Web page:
Simon Property Group aims to replace a former Sears complex at the Brea Mall with a 380-unit urban-retail village.
The Indiana-based mall developer has filed plans to build a fitness center, 380 apartments and outdoor shops and restaurants at the mall at 1065 Brea Mall, the Los Angeles Daily News reported.
A vacant 162,000-square-foot wing formerly occupied by Sears, an associated auto center and a 7.5-acre parking lot would be demolished.
Plans call for redeveloping a 15.5-acre portion of the 74-acre Brea Mall, with upgrades to State College Boulevard between Imperial Highway and Brea Mall South, along the east side of the property.
“The Sears store has sat vacant for years now, so taking that square footage and repurposing it and modernizing it is going to be a win because right now it’s doing nothing for the city, the community and our residents,” Brea Community Development Director Jason Killebrew told the newspaper.
The project was unanimously approved by the Brea Planning Commission in December and will be presented to the City Council at an upcoming meeting for final approval, he said.
If the City Council approves the project, it’s hard to predict when construction would get underway, due to “a lot of external conditions,” City Planner Joanne Hwang said. Construction could potentially take two years.
The Orange County mall opened in 1977, with May Co. and Sears as the two anchors. Nordstrom and The Broadway opened a few years later. By 1990, a larger Nordstrom and JW Robinson’s were added.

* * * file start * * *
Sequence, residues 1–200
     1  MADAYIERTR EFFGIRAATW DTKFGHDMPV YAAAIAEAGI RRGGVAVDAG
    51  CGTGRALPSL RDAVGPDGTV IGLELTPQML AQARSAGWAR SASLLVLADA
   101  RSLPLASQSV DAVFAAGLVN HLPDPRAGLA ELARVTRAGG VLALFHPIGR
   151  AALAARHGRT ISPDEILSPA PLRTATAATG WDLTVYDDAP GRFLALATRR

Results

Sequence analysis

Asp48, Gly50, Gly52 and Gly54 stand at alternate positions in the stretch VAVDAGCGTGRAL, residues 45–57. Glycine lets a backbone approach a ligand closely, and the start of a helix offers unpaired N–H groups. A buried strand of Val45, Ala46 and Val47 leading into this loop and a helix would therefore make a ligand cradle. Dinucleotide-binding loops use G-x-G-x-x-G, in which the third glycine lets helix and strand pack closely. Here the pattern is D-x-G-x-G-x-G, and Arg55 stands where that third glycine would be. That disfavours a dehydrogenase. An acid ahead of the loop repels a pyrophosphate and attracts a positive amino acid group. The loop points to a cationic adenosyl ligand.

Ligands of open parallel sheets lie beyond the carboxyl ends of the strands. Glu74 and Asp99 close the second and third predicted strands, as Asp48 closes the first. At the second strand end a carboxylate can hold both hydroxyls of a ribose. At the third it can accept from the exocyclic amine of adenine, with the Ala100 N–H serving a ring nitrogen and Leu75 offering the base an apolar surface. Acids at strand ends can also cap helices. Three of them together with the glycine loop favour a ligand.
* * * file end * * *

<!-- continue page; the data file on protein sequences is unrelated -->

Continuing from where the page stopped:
The mall featured ice skating in the 1970s and ’80s, but the rink was removed to make way for the food court and a Y-shaped addition.
In 1996, The Broadway converted to Macy’s after the purchase of its parent company, Carter Hawley Hale Stores, by Federated Department Stores.
The Brea Mall is now home to one of the top-performing Nordstrom stores in Southern California and all retail and dining establishments in the mall combine for about $700 million in annual sales, according to Simon’s website.
With occupancy and rental income up last summer, the head of the nation’s largest mall owner wants to put an end to “the so-called negative mall narrative.” Malls are doing well, Simon says.
— Dana Bartholomew
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